And city officials are only partway toward their goal. On an average day, there are about 1,500 fewer inmates in the Philadelphia prison system than there were just two years ago. Philadelphia still has the highest incarceration rate per capita of the top 10 largest American cities.
Bruce Herdman, chief of medical operations for the Philadelphia Department of Prisons, sometimes describes the county jails this way: “This is the largest psychiatric hospital in the state of Pennsylvania.” Forty percent of Philadelphia inmates are on psychotropic medications; 17 percent have what’s considered a serious mental illness, such as schizophrenia, bipolar disorder, or major depression.
Joshua Glenn was 16 and facing some serious charges – and but he was determined to fight them. Sent away to Philadelphia’s notorious 19th-Century-built House of Correction on charges including aggravated assault and attempted murder rap by a DA’s office that wanted to try Glenn as adult, the teenager believed in his innocence, rejecting a plea deal that might have sent him home, on probation.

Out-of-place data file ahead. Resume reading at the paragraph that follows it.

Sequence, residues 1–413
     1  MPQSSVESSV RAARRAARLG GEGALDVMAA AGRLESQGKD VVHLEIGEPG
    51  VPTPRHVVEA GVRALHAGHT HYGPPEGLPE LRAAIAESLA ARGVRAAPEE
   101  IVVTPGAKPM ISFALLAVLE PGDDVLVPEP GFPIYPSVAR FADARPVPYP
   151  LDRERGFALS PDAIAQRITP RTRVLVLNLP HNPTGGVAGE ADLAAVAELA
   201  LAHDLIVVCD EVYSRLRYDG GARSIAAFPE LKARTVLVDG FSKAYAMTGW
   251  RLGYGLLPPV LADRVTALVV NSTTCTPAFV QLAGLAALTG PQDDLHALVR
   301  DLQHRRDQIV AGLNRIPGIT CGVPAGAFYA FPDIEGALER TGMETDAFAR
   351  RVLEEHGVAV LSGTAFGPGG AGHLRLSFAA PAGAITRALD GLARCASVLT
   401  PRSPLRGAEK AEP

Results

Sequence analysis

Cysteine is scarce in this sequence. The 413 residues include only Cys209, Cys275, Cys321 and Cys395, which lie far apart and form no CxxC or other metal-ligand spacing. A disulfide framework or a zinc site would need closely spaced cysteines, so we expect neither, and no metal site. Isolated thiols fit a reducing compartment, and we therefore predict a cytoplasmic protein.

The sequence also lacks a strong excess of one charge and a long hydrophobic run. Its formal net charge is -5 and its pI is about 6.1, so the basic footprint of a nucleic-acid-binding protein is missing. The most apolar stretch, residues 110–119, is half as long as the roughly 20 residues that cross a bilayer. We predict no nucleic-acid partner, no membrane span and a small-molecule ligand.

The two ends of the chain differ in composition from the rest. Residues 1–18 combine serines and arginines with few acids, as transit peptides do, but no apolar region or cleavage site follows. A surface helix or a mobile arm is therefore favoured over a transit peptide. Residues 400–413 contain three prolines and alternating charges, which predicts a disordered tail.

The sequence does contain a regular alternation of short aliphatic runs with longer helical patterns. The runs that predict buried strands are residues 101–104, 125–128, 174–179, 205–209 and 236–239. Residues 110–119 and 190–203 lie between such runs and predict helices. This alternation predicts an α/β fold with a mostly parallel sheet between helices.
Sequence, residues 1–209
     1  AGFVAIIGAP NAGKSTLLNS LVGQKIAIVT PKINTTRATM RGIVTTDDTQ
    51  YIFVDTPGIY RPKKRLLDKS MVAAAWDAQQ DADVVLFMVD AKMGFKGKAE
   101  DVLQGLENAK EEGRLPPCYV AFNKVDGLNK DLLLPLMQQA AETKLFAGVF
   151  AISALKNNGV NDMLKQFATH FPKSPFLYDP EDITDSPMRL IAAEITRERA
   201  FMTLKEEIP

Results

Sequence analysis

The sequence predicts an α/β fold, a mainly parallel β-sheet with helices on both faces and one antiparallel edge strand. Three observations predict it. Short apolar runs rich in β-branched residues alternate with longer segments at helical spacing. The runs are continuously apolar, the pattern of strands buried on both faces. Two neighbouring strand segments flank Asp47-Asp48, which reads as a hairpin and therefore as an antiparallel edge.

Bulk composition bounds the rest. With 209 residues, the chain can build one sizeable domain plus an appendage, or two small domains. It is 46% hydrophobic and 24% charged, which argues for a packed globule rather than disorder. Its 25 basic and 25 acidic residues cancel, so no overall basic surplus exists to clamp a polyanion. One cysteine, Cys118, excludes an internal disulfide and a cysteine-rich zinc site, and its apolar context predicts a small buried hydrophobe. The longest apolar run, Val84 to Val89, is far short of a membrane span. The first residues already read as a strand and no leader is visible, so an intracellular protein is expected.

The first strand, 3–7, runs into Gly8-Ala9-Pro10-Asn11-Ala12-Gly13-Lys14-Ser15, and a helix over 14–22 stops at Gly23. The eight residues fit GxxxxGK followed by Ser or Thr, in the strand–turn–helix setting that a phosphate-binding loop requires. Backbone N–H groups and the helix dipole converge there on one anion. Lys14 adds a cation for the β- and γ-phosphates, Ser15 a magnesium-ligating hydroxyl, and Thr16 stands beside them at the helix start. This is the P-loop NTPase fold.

Back in January, Municipal Court Judge Marsha Neifield was undertaking a radical experiment in criminal-justice reform from the otherwise drab confines of an 11th-floor courtroom in the Criminal Justice Center. There were no major criminal cases on her docket – just addicts, small-time drug dealers, and a man accused of stealing a power drill from inside a car.
City of Philadelphia > ICYMI: Philadelphia Prison Population Down 12 % from Last Year
Yet, as much of a humanitarian crisis as mass incarceration is in the United States of America, an equally debilitating crisis is the one that follows. What happens to incarcerated people when they are released from prison? ### “Reentry” is the accepted term for the process of reentering society after incarceration, and Philadelphia is home to hundreds of thousands of returning citizens.